Photograph showing examples of Agriculture and Maritime industriesOSHA’s revised Agricultural Operations webpage makes it easier for users to find safety information on agriculture-related hazards, such as grain bins and silos, heat, machinery, pesticides, and other chemicals. The revised Maritime Industry webpage offers compliance materials, training information, and other resources to eliminate hazards in longshoring and marine terminals, commercial fishing, and shipyards

Get Ready for Safe + Sound 2019

Commit to Being Safe + Sound 2019 - Calendar showing important Safe + Sound dates. March and April are circled with Management Leadership. May and June are circled with Find and Fix Hazards. July is marked with Register. August is marked with Safe + Sound Week. October and November are circled with Worker ParticipationSafe + Sound, OSHA’s year-round campaign to encourage every workplace to have a safety and health program, includes both employers and workers.  Participate in quarterly events on building an effective safety and health program in your workplace. Learn about best practices during webinars and put them into action during the 30-day challenges. These events also focus on management leadership, worker participation, and finding and fixing hazards. Share your safety successes during Safe + Sound Week, August 12-18, 2019. Sign up on the Safe + Sound website.

Friday, February 22, 2019

New Video Provides Information on Trenching and Excavation Safety

Trenching and Excavation Operations video
A new video developed by Dallas-area OSHA Training Institute Education Centers offers guidance on how to prevent injuries from common hazards in trenching and excavation. The one-hour video focuses on cave-in protection, competent persons, and best practices. Register online to receive a link to this free video.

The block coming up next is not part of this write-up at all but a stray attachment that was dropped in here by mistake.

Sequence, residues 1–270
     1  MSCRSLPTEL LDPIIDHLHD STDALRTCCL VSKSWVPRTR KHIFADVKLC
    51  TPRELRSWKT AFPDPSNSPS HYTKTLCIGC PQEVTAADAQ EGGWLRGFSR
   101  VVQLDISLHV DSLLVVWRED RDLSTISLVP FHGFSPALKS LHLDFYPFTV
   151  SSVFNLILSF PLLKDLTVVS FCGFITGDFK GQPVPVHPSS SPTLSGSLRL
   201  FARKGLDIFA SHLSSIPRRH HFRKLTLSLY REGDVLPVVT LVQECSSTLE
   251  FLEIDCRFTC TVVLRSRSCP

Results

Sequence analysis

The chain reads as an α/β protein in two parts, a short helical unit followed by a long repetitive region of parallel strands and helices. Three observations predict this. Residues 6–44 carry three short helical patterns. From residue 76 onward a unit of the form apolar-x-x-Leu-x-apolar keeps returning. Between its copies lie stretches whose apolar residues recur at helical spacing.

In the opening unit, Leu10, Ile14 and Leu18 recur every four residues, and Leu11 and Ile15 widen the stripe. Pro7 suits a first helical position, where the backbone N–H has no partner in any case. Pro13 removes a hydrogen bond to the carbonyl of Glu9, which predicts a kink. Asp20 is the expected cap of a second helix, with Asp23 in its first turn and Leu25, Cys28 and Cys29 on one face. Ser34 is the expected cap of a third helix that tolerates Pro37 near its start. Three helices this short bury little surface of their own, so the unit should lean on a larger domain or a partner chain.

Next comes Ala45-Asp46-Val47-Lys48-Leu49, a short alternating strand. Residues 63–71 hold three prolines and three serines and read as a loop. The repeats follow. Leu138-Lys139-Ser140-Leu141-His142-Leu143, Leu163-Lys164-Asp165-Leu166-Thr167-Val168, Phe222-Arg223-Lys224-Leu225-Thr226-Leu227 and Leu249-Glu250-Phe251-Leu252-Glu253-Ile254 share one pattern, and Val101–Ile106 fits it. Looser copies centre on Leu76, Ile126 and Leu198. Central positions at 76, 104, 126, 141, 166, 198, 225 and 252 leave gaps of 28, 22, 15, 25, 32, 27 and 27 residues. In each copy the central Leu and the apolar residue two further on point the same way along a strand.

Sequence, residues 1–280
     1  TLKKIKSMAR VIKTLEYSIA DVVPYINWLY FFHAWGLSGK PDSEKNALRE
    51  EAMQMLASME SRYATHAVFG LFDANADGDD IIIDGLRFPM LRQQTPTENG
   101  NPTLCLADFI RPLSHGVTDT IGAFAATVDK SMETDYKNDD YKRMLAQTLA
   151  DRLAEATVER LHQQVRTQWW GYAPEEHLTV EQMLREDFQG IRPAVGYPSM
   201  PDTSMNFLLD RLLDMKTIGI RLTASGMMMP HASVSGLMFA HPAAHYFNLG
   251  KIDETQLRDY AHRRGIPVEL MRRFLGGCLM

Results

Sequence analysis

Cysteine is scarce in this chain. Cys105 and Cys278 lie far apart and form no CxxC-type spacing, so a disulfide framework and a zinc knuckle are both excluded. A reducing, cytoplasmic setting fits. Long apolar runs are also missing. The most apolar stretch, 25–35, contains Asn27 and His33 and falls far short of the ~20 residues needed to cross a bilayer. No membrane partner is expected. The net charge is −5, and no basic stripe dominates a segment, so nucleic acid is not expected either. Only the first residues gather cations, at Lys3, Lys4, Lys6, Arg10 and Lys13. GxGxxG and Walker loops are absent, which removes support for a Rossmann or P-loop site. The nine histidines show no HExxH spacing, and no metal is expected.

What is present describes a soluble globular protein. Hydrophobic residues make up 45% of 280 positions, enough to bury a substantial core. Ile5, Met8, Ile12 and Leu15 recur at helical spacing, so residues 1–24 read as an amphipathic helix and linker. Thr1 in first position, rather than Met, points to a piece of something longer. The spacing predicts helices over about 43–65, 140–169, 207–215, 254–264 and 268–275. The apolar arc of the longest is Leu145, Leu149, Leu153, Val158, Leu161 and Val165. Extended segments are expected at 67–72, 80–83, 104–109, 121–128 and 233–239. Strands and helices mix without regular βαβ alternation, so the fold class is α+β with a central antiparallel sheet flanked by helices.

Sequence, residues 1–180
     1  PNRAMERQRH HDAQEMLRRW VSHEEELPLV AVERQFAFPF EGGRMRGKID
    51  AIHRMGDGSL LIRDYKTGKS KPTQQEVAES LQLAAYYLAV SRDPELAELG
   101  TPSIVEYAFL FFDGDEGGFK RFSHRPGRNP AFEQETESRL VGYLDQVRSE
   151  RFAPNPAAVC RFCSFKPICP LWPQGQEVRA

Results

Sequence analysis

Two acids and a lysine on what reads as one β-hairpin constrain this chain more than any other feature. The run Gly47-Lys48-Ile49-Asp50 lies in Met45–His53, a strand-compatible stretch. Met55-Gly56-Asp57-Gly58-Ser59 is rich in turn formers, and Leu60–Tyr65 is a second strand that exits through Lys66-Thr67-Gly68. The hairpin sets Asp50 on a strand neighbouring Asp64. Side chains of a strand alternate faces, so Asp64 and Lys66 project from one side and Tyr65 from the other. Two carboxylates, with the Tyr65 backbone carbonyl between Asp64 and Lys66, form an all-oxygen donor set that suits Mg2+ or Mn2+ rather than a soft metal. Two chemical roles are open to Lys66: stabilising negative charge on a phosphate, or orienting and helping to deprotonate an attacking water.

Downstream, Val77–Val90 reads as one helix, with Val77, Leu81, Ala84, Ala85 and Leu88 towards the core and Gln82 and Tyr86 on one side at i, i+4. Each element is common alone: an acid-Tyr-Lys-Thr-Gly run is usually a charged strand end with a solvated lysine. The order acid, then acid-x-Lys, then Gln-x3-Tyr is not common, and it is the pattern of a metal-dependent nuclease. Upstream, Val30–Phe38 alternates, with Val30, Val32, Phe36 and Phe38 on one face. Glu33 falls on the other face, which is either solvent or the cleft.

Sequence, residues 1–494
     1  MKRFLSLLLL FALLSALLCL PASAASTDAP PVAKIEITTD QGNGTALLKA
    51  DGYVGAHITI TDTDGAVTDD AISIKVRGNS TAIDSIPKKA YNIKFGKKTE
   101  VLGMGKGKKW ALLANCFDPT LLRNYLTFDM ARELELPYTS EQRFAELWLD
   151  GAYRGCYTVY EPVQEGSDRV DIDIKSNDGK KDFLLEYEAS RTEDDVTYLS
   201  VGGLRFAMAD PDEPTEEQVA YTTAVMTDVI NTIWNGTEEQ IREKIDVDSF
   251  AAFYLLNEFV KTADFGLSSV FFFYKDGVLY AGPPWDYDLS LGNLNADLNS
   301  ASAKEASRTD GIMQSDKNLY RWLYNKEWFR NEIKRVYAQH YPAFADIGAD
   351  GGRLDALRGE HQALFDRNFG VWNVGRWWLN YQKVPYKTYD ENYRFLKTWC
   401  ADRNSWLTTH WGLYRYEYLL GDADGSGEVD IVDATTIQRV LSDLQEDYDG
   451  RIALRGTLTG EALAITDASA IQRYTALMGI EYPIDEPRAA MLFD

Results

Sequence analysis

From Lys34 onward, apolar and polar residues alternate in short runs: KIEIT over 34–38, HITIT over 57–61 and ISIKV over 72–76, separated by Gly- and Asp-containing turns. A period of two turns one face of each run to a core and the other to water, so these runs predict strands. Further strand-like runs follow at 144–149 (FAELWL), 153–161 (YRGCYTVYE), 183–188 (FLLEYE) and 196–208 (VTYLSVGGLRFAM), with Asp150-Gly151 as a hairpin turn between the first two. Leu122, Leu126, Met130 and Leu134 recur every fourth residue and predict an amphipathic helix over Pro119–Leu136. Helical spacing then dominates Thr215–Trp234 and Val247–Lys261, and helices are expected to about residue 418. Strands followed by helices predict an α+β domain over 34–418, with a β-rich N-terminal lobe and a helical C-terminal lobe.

Sixth Annual National Stand-Down to Prevent Falls: May 6-10, 2019

Screenshot of National Safety Stand Down posterOSHA and its partners will host events throughout the country in honor of the sixth annual National Safety Stand-Down to Prevent Falls in Construction May 6-10, 2019. Employers and workers will pause to talk about fall hazards, OSHA compliance, and industry best practices to prevent falls. The 2019 poster is now available on OSHA’s publications page.

OSHA Urges Employers to Prevent Worker Exposure to Carbon Monoxide

OSHA is reminding employers to take necessary precautions to protect workers from the potentially fatal effects of carbon monoxide exposure. Every year, workers die from carbon monoxide poisoning, usually while using fuel-burning equipment, tools, compressors and pumps, gas-powered forklifts, and other devices in buildings or semi-enclosed spaces without adequate ventilation. To reduce the risk of exposure, employers should install an effective ventilation system, use carbon monoxide detectors, and take other precautions as described in OSHA's Carbon Monoxide Fact Sheet. Other OSHA resources include videos (in English and Spanish), QuickCards (in English and Spanish), and a fact sheet on portable generator safety.

Working Safely with Portable Generators

Photograph of workers with a portable generatorPortable generators are internal combustion engines used to generate electricity when temporary or remote power is needed. OSHA's portable generator fact sheet focuses on how to protect workers from hazards associated with the use of this equipment. These hazards include exposure to carbon monoxide from a generator's exhaust, shocks and electrocution, and fires from ignited generator fuel.